Gross exposure rose by 1.8% to $1150bn notional in 4Q12. Percentage-wise, gross exposure stayed at about 150%.
Meanwhile, cash holdings fell to 4.6% from 5.0%, below the historical average of 8-10% but above the 2007 trough of 4.3%.
The chart below shows cash holdings, which keep inching downward:
Can loan deferments prevent defaults?
To lower their number of student-loan defaults, colleges are embracing a controversial tactic: Encouraging borrowers to put off payments.
by Dwaine van Vuuren, Financial Sense:
Our prior post titled “World Recession Update” depicted the percentage of 41 countries tracked around the globe that were printing 1 or 2 consecutive negative quarters of GDP growth. It is easy to view the data presented and come to the alarming conclusion the world is accelerating into an ever-deepening recession and the U.S is bound to follow soon.
However there are two sides to this coin and when we inspect the Leading Economic Indicators (LEI’s) of the 41 countries in question we see that the Global LEI dipped below zero into recession territory in July 2011, bottomed in Dec 2011 and rose above zero in Sept 2012:
Also, the percentage of countries with positive LEI’s (black line in chart depicting expansion) seemingly bottomed in March 2012. However it is evident that unlike the prior recession, the black line has not zoomed up in tandem with the blue line implying that the global LEI rise only has a few large contributors such as U.S, Canada, Germany, Italy, Australia and U.K to thank for its recent rise. The LEI rebound therefore lacks broad-based participation at this point which is a cause for concern.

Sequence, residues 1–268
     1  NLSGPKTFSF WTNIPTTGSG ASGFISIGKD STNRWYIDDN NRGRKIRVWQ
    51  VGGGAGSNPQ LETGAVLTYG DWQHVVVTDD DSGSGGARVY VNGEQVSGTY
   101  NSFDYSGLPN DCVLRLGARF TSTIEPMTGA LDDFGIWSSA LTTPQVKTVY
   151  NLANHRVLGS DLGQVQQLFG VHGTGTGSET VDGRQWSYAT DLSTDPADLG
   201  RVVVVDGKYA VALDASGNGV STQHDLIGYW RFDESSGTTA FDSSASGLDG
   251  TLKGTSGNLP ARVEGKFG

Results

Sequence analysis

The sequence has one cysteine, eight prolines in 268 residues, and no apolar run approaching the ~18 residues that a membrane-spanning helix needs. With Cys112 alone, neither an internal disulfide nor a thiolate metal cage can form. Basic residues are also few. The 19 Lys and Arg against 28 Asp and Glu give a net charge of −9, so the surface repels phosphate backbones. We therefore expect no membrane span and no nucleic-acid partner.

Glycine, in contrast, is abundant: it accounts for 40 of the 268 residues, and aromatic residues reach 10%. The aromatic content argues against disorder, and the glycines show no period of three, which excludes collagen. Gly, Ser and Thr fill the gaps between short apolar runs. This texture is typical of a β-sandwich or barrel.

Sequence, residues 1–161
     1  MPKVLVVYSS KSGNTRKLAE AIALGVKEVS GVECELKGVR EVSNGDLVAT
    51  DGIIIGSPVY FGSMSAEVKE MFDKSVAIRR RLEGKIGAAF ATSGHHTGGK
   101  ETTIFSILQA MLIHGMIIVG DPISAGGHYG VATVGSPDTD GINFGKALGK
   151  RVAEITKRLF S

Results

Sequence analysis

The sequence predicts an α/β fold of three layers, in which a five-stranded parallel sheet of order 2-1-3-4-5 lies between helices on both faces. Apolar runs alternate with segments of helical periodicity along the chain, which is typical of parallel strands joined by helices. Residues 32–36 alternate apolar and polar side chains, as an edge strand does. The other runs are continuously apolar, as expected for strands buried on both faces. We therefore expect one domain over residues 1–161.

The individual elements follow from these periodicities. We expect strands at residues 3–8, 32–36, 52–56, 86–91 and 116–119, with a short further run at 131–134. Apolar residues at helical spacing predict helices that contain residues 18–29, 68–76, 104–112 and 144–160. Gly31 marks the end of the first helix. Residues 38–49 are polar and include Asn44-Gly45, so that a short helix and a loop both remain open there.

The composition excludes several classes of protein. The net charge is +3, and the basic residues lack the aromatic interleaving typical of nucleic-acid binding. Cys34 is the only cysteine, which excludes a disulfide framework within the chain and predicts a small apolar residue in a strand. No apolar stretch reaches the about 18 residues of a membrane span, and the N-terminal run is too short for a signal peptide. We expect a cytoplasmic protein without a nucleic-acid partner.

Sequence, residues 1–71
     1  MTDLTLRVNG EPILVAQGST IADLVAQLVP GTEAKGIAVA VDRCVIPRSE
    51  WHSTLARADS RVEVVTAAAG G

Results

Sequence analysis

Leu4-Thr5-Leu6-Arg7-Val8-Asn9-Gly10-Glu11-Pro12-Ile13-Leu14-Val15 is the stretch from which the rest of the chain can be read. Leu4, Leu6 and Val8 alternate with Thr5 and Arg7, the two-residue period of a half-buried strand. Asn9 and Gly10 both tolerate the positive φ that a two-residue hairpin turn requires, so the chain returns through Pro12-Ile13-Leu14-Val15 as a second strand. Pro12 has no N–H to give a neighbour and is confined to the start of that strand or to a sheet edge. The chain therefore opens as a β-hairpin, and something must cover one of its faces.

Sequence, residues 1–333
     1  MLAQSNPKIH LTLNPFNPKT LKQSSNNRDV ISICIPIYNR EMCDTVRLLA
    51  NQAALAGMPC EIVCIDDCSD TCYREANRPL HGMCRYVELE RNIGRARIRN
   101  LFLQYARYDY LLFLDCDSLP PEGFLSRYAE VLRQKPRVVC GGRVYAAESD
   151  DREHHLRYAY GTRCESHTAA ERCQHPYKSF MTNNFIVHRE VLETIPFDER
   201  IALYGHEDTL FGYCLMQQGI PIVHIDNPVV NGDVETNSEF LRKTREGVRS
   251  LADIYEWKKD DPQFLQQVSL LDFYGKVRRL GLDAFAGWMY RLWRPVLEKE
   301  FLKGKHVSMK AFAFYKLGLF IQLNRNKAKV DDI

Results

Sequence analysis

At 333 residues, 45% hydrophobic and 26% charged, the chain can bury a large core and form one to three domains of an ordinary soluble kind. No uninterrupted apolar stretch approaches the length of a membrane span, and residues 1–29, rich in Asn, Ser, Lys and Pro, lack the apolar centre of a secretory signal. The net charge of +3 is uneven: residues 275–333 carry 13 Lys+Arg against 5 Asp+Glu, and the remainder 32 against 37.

Gerald Celente – Trends In The News – “Interest Rate Rally!”
- Japan’s utilities to hike rates amid weak yen
- Report: Half Trillion Need To Update Schools
- Austerity leaves scar on Italy
- New record: 15 percent of Americans on food stamps
- Egypt’s fuel crisis adds to its economic woes
- Small U.S. Banks Hit by Rising Insurance Cost
- Portuguese economy continues to shrink
- Cash-strapped Greece puts govt buildings on block
- Sick man of Europe: Life-support drugs run short in Greece
- Greece Faces 150,000 Job-Cut Hurdle to Next Aid Payment
- Illinois Is Accused of Fraud by S.E.C.
- Moody’s cuts California’s Santa Clara County pension obligation bond
- Greek State Budget Deficit Widens
- Data confirms recession in weakest eurozone economies
- Ships Reject Unprofitable Cargo to Halt Slump in Rates: Freight